Friday, August 29, 2014

CHICKEN SOUP FOR THE SOUL: Mom sees blessings even through life’s tragedies

By AMY NEWMARK, Chicken Soup for the Soul | 11/8/2013

Corrina Lawson’s mother always says she’s had a blessed life. Yes, she was widowed at 29 with three kids. Yes, she lost her second husband to a brain tumor. Yes, her back has hurt since she broke it in college. Yes, she’s diabetic. But she has three healthy children and eight grandchildren who love her. She’s had a good career. She has a home and great friends.

Corrina wrote a story about her mom for us called “Is Anybody Dead?” That’s what her mother wryly asks whenever a situation gets tough. It’s as if she’s saying, in very few words: Take it from me, things could be a lot worse.

Corrina Lawson’s mother always says she’s had a blessed life. Yes, she was widowed at 29 with three kids. Yes, she lost her second husband to a brain tumor. Yes, her back has hurt since she broke it in college. Yes, she’s diabetic. But she has three healthy children and eight grandchildren who love her. She’s had a good career. She has a home and great friends.

Corrina wrote a story about her mom for us called “Is Anybody Dead?” That’s what her mother wryly asks whenever a situation gets tough. It’s as if she’s saying, in very few words: Take it from me, things could be a lot worse.

Corrina faces her own challenges. She describes one of her children as having “special needs.” Through the years, her family has struggled to pay enormous medical bills. The anxiety from dealing with these problems can’t be underestimated, but Corrina draws on her mother’s resilience and sense of humor. Is anybody dead? No. So she moves forward, just as her mother always has.

Corrina points out that her mother has, of course, been affected by her hardships and losses. “She does feel the pain, very deeply,” Corrina says. “But it has never prevented her from living her life.” That’s why, just a few years after she was widowed, Corrina’s mother — single, young and still coping with the loss of her husband — took her three young kids to Disney World. At the end of the day, their rental car wouldn’t start. Stranded in the dark for hours in the days before cellphones, Corrina’s mother could have been forgiven a meltdown. Instead, she made up games for her children to keep them calm until help arrived.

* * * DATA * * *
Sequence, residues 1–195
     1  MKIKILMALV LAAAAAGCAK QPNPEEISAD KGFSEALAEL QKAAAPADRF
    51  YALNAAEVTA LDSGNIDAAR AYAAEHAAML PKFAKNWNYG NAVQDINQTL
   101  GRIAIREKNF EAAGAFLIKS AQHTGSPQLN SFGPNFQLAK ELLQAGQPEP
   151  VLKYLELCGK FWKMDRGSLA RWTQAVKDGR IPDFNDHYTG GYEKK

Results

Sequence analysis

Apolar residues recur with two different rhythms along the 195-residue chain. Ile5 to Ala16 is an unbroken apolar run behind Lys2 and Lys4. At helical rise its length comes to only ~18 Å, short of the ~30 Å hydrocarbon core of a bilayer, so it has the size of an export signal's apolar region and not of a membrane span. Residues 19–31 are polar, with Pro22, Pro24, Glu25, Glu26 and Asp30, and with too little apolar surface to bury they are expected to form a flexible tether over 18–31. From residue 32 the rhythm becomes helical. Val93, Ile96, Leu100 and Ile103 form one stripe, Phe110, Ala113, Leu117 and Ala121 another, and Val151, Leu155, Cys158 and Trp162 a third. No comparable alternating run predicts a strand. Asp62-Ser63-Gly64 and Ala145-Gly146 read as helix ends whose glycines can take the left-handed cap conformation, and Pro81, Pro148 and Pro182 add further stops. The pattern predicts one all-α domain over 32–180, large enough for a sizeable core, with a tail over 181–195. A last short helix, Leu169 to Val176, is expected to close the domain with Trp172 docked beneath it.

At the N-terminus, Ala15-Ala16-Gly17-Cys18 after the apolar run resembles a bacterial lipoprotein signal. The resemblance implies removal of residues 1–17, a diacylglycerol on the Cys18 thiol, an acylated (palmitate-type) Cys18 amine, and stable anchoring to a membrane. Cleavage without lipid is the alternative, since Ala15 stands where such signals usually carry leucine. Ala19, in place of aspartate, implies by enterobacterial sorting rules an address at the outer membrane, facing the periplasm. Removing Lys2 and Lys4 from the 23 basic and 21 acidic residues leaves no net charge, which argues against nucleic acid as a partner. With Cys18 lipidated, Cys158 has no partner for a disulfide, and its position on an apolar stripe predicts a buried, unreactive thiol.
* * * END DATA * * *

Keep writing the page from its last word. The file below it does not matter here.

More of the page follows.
For Corrina, the important thing that her mother gave her wasn’t a vacation or even a good home to live in. It was a model of grace and a lesson on perspective. Even in the face of serious challenges, she is able to focus on what makes her blessed. When people ask her how she stays positive, she says, “I learned from my mom.”

•••

In the many stories I read about parenting, I’m struck by how often fathers report feeling a distance from their daughters as soon as they begin to exit early childhood. Many fathers reconnect by sharing a joint activity or hobby with their daughters. R. Mike Bennett shares this kind of experience in his story “Cosmic Engineering” in our runners book.

His 8-year-old daughter Heather “was growing up, facing challenges I wasn’t really aware of,” he writes. “I didn’t really understand her anymore.” He’d read “Men Are From Mars, Women Are From Venus.” Now, he says, “I began to wonder if children are from Pluto!”

Mike was on the lookout for something, anything, that could help him connect with Heather again. So, when Heather came home from school talking about “Bloomsday” practice, she had his attention. Bloomsday was a running race, Mike knew. He’d been a competitive runner long ago and a jogger for many years since. “I was in! I thought it would be a great way to spend some time together and share this positive hobby.”

They began training together. “I’ll always treasure those times. Running, walking and talking about the things on her mind gave me a much greater grasp of what things were like on Pluto.”

On the day of the race, Mike and Heather ran and walked the course together. It was crowded and slow going, but Mike didn’t care. “Truth be told, I wished it could go on forever.” At the finish, they received commemorative Bloomsday T-shirts, a major prize for Heather.

Heather is a senior in high school now, and she and Mike still jog together. They talk about calculus and college choices instead of the tribulations of an 8-year-old. And, sometimes, they share their memories of Bloomsday. “I thought it was pretty special just hanging out with my daddy,” Heather told Mike. Mike thought it was a special day, too. “We didn’t set any speed records,” he writes. “But still I think we did a little cosmic engineering — moving Mars and Pluto just a little closer to each other.”

Syndicated by Chicken Soup for the Soul Publishing, online at www.chickensoup.com

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